The use of bleak elements in creative expression has a long reach, as John “Wes” May of Nashville, TN, proves with his independent comic book, Midnight’s End, Mr. May’s is a story that employs the heavier ambient mood of classic gothic storytelling, a literary method combining romantic, relational themes with brooding haunting elements. The particular genre was made well-known by early writers like Horace Walpole, Ann Radcliffe, and Matthew Lewis. But his story goes further, as it deals with a murder mystery around a gay couple when one is ultimately killed by a vampire. The black-and-white gothic tale has a noir flare that gives the story a multi-faceted appeal.
But Mr. May’s story doesn’t rely on fear to invoke emotion. “[The story is] not intended to cause fear at all. I think that the horror genre offers a window to loss that no other genre can,” Mr. May said as he discussed how the book was a method for him to cope with his own personal losses. Because the story uses the comic book medium, Mr. May relies on visual imagery as well as the written word. His illustrated characters and scenery have a smooth, sleek, and shadowy appeal, balancing gloom with beauty. And though Mr. May’s book is not intended to terrify, he believes strongly in a good scare. “I think it’s good to be scared. Darkness begets darkness until you see the light again.”
Mr. May’s graphic tale is in good company. From the classic days of Tales from the Crypt to the modern Hellboy, the young artistic medium of comic books has had a successful hand in the dark genres. Seth Frail has great faith in the comic book medium’s ability to tell shadowy stories. He has spent a decade of his life as a professional artist. The Ballwin, MO resident has been a freelance and commissioned artist for eight years and used the profit as a main source of income. His portfolio grew so large that he eventually held five art exhibits of his work.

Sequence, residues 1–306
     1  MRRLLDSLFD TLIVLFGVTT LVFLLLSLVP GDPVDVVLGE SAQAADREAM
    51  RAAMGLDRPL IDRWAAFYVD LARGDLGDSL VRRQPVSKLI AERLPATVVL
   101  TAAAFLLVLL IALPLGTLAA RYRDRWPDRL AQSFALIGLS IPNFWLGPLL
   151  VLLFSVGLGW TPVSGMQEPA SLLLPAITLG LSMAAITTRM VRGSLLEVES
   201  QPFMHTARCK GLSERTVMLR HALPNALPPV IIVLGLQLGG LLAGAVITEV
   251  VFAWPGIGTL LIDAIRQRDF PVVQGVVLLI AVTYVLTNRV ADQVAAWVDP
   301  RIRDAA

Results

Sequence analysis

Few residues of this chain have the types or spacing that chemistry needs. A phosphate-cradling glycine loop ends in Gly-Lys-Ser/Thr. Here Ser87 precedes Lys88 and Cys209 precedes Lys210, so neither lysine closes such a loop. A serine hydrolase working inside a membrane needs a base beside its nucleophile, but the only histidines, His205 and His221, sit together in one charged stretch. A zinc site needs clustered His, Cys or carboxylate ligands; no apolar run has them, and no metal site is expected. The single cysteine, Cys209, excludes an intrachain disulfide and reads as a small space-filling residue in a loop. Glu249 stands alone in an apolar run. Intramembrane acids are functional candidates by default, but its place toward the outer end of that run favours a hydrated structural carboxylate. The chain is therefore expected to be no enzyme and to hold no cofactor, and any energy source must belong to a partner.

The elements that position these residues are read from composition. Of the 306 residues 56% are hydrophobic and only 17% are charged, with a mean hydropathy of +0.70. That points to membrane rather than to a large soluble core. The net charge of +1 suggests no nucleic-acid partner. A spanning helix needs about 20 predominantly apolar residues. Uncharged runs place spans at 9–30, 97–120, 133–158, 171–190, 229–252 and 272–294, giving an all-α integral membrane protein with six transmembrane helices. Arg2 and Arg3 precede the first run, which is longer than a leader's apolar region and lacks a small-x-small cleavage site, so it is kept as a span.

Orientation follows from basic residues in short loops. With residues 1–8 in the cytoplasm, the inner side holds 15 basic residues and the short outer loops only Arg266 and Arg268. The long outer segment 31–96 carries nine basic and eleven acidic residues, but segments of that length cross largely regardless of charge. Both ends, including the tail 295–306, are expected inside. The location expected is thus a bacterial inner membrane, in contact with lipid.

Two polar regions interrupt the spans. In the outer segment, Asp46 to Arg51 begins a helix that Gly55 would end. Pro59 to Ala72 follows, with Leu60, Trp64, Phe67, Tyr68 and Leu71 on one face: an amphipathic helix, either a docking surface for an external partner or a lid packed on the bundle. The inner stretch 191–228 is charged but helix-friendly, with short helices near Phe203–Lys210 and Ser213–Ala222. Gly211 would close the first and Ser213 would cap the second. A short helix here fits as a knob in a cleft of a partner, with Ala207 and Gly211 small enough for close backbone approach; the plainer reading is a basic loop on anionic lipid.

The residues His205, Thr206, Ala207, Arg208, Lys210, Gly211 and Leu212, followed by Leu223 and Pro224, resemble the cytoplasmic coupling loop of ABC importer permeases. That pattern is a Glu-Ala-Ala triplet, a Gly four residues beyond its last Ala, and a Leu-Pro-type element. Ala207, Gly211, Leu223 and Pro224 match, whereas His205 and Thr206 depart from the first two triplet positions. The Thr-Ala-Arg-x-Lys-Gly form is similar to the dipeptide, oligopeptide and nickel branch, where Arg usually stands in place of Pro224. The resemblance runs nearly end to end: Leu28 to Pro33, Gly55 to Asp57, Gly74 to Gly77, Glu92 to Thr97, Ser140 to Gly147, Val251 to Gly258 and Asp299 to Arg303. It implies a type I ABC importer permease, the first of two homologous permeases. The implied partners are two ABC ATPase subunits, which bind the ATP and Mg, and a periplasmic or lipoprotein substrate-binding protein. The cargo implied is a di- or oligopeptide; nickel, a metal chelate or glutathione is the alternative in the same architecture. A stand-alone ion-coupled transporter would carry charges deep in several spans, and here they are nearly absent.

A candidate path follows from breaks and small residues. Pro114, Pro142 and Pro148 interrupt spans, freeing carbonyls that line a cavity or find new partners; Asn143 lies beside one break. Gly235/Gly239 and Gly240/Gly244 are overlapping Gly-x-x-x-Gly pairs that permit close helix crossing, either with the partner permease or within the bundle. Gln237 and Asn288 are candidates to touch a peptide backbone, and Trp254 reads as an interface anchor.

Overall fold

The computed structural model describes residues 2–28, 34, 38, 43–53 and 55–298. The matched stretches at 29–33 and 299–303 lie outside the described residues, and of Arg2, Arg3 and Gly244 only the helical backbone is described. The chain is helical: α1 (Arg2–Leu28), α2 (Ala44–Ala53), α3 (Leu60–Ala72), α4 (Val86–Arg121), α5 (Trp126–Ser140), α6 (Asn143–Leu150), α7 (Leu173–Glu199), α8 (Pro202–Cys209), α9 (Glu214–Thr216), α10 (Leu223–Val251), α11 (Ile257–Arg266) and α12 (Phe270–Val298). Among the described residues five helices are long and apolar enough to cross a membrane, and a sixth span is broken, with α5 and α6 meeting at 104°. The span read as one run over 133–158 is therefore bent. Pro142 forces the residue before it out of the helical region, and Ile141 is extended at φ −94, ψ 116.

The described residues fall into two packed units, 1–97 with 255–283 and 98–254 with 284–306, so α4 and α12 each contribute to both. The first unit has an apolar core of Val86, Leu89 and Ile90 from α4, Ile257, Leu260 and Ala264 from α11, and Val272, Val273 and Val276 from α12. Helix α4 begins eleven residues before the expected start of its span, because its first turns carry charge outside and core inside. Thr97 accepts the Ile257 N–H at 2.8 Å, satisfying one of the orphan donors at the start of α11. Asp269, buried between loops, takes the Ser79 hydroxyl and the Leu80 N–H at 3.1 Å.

His first major breakthrough in the comic book industry was the graphic adaptation of The Time Machine in the Graphic Classics: H.G. Wells, Second Edition collection. Since then, he’s worked on smaller independent titles such as Monster Babies and was the featured artist for the U.S. Air Force’s magazine, Airman, from 2005 to 2006. He is currently illustrating Brian Augustyn’s comic book, The Witness.
Mr. Frail’s passion as an artist has allowed him to consider the actual impact of dark storytelling in visual art. “Who doesn’t like a good scare every now and then? A good horror story is like a good joke: you must have a setup to draw your audience in to hit them with the punch line. Suspense is like that, or else no one cares about the payoff.” He agrees with his contemporaries that the macabre genres offer a greater insight, opening a door of exploration into the recesses of our minds that we typically shy away from.
Mr. Frail believes, however, that there is more to offer from the comic book medium for horror stories. The tantalization of pictures and words fused together can deliver greater feelings than just words or imagery alone—a “hulking shadow” effect captured at the turn of a comic book’s page, as Mr. Frail sees it. But along with Mr. May, he believes that monstrous storytelling can evoke more than just terror, but empathy and compassions as well. “I’ve always empathized with Frankenstein’s monster more than the doctor himself, for example—some of it being psychology and some being curiosity.”